Remembering godly leaders is one of the principles mentioned by the author of Hebrews in 13:7-16. In 13:1-6, he addressed moral issues—loving one another, welcoming strangers, ministering to those who suffer for the gospel, honoring marriage, and having a right perspective about money. In 13:7-16, he turns his attention to religious practices. He speaks about following godly leaders (7-9) and worshipping and serving Jesus Christ (10-16). He explains that devoting yourself to worshipping and serving Christ will strengthen your heart and please God.

Follow godly leaders (7-9). The author gives three characteristics of godly leaders (7) and three characteristics of false teachers (9). Godly leaders proclaim biblical truth, demonstrate faith, and live a lifestyle of endurance and victory. We are to remember their impact, consider how they lived, and imitate their faith. In contrast, false leaders promote false doctrine, emphasize externals, and have no effective spiritual results.

On the surface, verse 8 seems out of place. However, it appears that the author is painting a contrast between earthly leaders and Jesus. Earthly leaders come and go, but Jesus lives forever. In the past, Jesus suffered and died for our sins. In the present, he intercedes for us as our high priest. In the future, Jesus will return to conclude God’s work.

Godly Leaders

J

E

S

U

S

False Leaders
Biblical truth

False doctrine

Faith

Rituals
Life worth imitating

No lasting results

Worship and serve Jesus Christ (10-16). Using the phrases, “inside the camp” and “outside the camp,” the author paints a contrast between religion and a relationship with Jesus. His point is that we should not return to religion when Jesus provides a better way.

Inside the camp (10-11)

Outside the camp (12-14)
An altar you can’t participate in

A better altar, Jesus, that we have full participation in

Animals were sacrificed that covered sin temporarily

A better sacrifice, Jesus’ death once for all, that makes people holy

False sense of safety and security in religion

True identity and security in a relationship with Christ

 

We can endure suffering because we have a lasting reward

The author concludes this section by stressing the importance of worship and praise. Our lips are to echo what we believe in our hearts (15). Worship through sacrifice and service is what pleases God (16).

Devote yourself to Jesus—Follow him, Worship him, Serve him.

This is the synopsis of a message preached at First Central Bible Church in Chicopee, MA, on January 19, 2020. It is part of a series of expository sermons the on the book of Hebrews. Please click on the link to download a copy of the sermon notes.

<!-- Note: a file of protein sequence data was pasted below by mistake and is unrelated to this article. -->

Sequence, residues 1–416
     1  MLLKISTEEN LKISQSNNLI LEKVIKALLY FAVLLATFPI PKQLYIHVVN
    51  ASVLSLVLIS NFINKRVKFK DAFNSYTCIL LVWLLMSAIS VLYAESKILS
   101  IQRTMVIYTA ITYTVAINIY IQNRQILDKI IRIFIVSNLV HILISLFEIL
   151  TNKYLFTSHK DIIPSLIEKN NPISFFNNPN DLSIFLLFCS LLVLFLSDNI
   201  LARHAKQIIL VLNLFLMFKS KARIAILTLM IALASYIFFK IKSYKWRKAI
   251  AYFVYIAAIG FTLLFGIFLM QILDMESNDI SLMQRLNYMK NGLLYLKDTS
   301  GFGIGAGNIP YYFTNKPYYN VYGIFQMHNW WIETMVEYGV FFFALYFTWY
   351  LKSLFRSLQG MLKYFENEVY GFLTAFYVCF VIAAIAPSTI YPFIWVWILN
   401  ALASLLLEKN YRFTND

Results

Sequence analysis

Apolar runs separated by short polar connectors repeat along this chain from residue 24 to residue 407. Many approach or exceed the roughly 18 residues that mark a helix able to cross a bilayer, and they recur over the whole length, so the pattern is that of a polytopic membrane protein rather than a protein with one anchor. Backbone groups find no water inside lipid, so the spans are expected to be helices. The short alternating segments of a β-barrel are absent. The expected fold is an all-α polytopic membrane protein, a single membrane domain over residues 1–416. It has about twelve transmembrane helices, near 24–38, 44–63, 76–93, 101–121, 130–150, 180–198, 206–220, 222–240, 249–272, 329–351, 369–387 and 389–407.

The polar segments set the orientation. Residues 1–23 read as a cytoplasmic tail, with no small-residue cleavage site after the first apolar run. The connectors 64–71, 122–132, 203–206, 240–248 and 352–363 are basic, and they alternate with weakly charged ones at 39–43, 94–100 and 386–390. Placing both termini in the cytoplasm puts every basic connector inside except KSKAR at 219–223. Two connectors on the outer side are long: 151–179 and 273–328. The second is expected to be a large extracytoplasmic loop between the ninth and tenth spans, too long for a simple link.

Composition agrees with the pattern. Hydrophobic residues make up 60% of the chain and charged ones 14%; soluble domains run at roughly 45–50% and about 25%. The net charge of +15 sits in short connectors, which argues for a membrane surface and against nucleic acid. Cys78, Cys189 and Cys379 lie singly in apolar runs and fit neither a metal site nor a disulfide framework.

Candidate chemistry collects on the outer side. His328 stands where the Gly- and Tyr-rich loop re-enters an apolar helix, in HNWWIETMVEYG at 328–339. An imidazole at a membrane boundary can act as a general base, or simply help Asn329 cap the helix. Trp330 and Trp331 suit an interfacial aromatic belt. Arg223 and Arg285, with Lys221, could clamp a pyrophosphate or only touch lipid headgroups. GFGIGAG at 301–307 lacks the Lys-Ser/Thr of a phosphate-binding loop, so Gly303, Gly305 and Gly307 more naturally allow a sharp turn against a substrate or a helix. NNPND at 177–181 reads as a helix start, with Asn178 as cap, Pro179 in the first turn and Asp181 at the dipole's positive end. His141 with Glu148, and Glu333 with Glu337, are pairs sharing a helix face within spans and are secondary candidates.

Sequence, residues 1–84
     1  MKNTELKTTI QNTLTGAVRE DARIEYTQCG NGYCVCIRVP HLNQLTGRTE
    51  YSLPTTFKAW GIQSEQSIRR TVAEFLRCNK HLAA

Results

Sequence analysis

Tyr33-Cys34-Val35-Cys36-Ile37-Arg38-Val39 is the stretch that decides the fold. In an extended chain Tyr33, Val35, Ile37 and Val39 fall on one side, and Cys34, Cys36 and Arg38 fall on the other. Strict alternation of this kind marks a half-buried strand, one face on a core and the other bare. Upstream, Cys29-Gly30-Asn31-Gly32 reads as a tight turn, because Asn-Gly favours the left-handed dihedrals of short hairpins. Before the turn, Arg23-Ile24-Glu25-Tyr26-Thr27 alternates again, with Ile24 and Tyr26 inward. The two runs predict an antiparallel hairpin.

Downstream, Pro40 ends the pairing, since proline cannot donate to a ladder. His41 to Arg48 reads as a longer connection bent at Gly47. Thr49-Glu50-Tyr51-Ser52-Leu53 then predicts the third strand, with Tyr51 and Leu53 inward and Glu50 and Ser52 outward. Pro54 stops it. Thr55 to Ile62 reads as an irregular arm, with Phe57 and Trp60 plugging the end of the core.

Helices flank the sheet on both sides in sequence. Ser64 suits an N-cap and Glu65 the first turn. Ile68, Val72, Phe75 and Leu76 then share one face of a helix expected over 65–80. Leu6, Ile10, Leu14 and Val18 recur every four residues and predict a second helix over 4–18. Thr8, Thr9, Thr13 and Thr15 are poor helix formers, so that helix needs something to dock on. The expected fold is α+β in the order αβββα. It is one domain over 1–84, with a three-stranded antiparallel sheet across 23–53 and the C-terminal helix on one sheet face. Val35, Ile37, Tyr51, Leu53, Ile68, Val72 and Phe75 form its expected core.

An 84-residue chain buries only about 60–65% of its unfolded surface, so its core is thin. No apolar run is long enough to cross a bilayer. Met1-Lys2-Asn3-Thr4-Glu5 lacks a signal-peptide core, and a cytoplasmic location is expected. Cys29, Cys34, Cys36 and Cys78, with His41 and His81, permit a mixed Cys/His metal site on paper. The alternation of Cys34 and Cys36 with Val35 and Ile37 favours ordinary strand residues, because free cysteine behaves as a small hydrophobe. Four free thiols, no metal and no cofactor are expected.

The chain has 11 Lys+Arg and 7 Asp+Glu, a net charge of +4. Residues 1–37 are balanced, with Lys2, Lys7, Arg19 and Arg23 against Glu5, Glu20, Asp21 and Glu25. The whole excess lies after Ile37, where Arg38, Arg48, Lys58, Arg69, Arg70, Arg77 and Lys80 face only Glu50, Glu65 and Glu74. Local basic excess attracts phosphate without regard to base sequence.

Sandwiched between Faithfulness & Fruitfulness

I live my life sandwiched between two tensions. I want to be found faithful while at the same time, I want to be found fruitful.

As a pastor, I struggle with numbers. I watch the graphs of our attendance and chart the ups and downs of our giving. I know that people pass judgment on me based on those figures. People look at those numbers and determine my worth.

However, I know that my success is not measured by numbers. The artificial measuring sticks—bodies, budgets, buildings, baptisms, books, broadcasts, and blogs—are valuable indicators, yes, but they are not what God will use to evaluate and determine whether or not I am successful.

God will not evaluate my ministry based on the size. He will evaluate whether or not I was faithful. “Moreover, it is required of stewards that they be found faithful” (1 Corinthians 4:2). In the parable of the talents (Matthew 25:14-30), the master does not praise his servants based on their production. The one with the five talents received the same reward as the one with the two talents. Both were faithful in using their talents for the master and heard, “Well done, good and faithful servant. You have been faithful over a little; I will set you over much. Enter into the joy of your master.” (Matthew 25:21, 23).

People may judge my success or failure based on numbers and size, but God will evaluate whether or not I was faithful to use the gifts and abilities he has given me for his service. I get that.

And yet, at the same time, I want to be fruitful. In John 15:1-11, Jesus speaks of the progression of moving from no fruit to fruit to more fruit to much fruit. In the parable of the sower (Matthew 13:1-9, 18-23; Mark 4:1-20), some of the seed produces thirtyfold, some sixtyfold, and some hundredfold.

I desire to produce much fruit. I want to be one who produces hundredfold. While that may be my desire, I recognize that I cannot produce anything in my own power. Much fruit only comes as I abide in Christ and his life flows through me. God is the one who produces the size of the harvest.

This brings me back full circle to faithfulness. I must be faithful to abide in Christ and depend on him for life, growth, and fruitful ministry. I must rely on him to determine how, when, and where he will use me. I must be faithful to use everything I have for his glory. I must focus on depth—building deeply into my life and the life of others—and allow him to determine the breadth and effectiveness of my ministry.

May I be found faithful and fruitful. The one is up to me. The other is up to God. I need to live contentedly between those two tensions.